Navy, Cold War, Remembrance, Women in the Military, Women in the Navy, PTSD, Technology, English
The Kootenay exploded at sea on October 23, 1969.
My husband was on that ship and I was a radio operator on duty in the Maritime Command Headquarters message centre and I received the first message.
In 2011, 42 years after the incident that produced the PTSD, I was formally diagnosed with PTSD and received my service dog, “Lady,” from National Services Dogs, through a program they were just starting for Veterans with PTSD.
Although my husband and I both have suffered from PTSD we have found a way to live again with the help of our special service dog, “Lady.”
It took Lady two years to teach us how to relax, have fun and go out in public again.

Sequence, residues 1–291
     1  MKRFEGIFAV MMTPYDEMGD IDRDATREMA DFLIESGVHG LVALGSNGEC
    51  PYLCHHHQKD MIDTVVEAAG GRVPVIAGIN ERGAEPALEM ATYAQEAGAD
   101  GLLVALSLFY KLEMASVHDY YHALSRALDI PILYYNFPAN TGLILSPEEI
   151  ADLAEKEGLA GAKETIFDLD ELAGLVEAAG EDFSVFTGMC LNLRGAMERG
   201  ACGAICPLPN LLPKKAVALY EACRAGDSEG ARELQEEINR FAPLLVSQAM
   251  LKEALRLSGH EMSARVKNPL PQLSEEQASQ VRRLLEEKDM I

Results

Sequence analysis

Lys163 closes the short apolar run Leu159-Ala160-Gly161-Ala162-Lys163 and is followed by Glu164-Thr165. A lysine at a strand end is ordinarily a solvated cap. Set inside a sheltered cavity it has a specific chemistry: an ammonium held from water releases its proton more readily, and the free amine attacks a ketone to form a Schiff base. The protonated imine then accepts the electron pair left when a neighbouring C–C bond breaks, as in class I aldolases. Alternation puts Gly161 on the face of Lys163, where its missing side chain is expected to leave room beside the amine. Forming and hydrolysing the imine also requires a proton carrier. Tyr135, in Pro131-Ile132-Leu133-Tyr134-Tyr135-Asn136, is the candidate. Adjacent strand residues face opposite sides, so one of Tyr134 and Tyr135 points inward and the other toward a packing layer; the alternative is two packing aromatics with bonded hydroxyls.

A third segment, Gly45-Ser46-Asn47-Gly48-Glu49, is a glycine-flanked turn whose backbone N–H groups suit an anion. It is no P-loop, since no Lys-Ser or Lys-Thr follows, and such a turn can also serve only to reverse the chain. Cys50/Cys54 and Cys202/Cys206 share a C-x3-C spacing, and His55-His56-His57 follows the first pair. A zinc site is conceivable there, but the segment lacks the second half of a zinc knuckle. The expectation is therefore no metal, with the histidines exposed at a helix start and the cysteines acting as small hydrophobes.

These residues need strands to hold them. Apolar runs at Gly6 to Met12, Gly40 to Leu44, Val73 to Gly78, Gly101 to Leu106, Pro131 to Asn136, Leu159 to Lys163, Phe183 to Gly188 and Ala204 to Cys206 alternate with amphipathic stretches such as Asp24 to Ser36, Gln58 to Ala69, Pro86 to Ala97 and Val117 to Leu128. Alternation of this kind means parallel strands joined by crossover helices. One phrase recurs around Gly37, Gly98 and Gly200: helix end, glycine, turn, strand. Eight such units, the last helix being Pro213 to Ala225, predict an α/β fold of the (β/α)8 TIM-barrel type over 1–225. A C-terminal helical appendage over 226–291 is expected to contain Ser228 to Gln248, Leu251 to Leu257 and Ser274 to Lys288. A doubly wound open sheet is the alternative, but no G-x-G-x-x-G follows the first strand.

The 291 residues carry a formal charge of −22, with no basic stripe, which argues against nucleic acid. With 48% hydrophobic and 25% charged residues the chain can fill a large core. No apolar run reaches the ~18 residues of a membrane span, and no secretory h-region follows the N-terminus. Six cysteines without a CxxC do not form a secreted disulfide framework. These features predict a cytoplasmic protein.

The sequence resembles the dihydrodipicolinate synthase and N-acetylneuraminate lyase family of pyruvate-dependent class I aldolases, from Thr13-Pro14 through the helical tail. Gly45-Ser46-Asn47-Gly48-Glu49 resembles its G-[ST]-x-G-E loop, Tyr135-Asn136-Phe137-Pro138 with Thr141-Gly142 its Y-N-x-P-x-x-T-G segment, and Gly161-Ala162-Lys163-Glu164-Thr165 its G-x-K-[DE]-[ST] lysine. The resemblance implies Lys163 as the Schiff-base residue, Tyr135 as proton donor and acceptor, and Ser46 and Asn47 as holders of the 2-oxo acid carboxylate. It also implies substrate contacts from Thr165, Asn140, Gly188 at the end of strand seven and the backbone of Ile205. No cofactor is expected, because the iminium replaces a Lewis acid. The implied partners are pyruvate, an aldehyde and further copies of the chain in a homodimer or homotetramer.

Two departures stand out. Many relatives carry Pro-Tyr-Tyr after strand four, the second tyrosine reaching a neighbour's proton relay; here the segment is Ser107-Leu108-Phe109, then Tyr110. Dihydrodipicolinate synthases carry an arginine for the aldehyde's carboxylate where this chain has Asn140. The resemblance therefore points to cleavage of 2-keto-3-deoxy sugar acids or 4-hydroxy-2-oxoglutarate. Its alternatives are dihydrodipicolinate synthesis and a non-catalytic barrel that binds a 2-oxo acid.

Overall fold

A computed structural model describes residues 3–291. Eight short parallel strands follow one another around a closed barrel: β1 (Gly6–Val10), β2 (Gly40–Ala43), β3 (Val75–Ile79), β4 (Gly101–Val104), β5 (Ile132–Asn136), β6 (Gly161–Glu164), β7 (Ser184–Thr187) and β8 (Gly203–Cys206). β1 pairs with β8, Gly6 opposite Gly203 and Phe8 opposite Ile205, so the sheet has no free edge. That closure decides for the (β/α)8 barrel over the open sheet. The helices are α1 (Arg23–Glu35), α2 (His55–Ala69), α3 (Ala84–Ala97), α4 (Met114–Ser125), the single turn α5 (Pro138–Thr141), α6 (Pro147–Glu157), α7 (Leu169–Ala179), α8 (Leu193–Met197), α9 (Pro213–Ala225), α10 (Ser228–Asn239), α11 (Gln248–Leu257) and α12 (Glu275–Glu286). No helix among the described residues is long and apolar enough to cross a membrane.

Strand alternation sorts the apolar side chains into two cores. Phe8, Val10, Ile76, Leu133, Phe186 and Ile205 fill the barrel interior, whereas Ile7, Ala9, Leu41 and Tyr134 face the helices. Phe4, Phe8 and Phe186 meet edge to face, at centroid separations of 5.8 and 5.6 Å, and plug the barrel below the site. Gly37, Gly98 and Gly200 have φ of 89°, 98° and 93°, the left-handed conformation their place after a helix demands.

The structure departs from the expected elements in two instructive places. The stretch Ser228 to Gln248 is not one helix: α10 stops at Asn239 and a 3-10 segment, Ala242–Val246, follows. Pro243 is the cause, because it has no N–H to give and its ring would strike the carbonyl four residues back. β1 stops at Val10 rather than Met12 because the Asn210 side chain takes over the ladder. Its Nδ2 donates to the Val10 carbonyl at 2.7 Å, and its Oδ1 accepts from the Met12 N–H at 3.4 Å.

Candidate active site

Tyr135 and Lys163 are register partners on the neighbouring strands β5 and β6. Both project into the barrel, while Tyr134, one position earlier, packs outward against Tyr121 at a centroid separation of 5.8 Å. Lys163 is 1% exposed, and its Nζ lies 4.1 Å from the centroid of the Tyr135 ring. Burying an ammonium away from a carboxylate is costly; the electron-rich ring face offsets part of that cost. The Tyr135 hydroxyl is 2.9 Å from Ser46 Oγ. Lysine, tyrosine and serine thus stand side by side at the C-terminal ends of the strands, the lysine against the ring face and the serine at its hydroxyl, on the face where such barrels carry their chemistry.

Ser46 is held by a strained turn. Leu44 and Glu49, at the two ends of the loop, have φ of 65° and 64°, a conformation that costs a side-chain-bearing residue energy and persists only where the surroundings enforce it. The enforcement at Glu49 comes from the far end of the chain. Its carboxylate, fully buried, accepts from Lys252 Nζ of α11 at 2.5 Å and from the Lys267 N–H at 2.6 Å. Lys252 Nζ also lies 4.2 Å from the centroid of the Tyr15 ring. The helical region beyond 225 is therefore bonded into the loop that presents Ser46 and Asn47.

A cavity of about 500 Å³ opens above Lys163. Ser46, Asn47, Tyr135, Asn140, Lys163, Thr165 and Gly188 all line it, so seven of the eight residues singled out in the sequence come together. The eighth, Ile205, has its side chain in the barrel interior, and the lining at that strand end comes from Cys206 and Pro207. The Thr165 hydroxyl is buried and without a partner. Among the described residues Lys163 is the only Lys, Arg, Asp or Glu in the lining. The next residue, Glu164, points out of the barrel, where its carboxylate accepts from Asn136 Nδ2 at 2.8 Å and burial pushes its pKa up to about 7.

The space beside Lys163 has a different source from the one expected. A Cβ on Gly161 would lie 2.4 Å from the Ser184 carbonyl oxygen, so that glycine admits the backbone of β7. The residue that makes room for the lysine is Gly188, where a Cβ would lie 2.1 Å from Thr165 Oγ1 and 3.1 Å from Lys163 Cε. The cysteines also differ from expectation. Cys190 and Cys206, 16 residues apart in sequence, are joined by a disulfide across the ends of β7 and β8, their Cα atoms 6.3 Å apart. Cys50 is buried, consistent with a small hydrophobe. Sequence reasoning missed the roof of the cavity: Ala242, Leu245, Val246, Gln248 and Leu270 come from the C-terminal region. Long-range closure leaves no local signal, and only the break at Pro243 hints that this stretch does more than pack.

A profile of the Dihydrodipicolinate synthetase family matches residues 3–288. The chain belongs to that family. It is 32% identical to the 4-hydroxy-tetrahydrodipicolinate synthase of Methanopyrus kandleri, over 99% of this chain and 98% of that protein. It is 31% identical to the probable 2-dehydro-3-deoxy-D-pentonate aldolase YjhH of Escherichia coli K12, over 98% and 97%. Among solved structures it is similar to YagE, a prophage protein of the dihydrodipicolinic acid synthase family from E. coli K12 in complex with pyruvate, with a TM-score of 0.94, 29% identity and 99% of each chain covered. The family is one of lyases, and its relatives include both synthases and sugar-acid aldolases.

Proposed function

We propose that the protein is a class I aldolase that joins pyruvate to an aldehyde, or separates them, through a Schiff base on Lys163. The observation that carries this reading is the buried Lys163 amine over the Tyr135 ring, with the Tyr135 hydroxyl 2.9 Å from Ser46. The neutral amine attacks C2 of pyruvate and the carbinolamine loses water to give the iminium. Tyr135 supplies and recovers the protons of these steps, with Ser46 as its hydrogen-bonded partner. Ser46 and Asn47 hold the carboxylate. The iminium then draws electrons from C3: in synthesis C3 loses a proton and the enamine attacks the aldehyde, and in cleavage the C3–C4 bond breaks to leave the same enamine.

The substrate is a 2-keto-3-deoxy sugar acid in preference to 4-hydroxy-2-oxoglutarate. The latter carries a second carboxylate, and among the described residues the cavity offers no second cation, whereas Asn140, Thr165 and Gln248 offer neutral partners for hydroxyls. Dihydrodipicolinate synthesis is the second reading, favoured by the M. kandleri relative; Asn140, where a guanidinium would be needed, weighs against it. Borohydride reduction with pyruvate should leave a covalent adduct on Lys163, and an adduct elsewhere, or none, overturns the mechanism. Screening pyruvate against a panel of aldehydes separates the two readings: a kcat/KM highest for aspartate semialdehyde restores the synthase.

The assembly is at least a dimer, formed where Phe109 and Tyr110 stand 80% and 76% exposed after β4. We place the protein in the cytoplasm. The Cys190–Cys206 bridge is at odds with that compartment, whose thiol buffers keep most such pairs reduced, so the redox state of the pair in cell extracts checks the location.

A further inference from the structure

We are now 6 years into training with Lady and we are now showing her off to our community. We try to shine a light on mental illnesses such as PTSD and the wonderful help that can come from specially trained service dogs. We would like to show people that a person with mental illness is not to be feared but understood. After all we will all know someone or be someone that experiences some form of mental illness sometime in our lives.
I thought I would like to talk to grade 5 children. I remember grade 5 as a particularly hard grade because my father, a Warrant Officer in the Canadian Army, had just passed away. I remember feeling lost in a class of 30 something children. I would imagine that there are some children in every grade that are having a hard time fitting in and those are the children I would love to reach out to and say, “I see you.”
I would say, “Don’t give up on yourself.”
“If you feel lost when you are older, you can join the reserve military, like sea cadets or air cadets, and then the regular armed forces when you finish High School. Then you can learn a trade and find brothers, and sisters in-service, and friends that you remember all of your life.”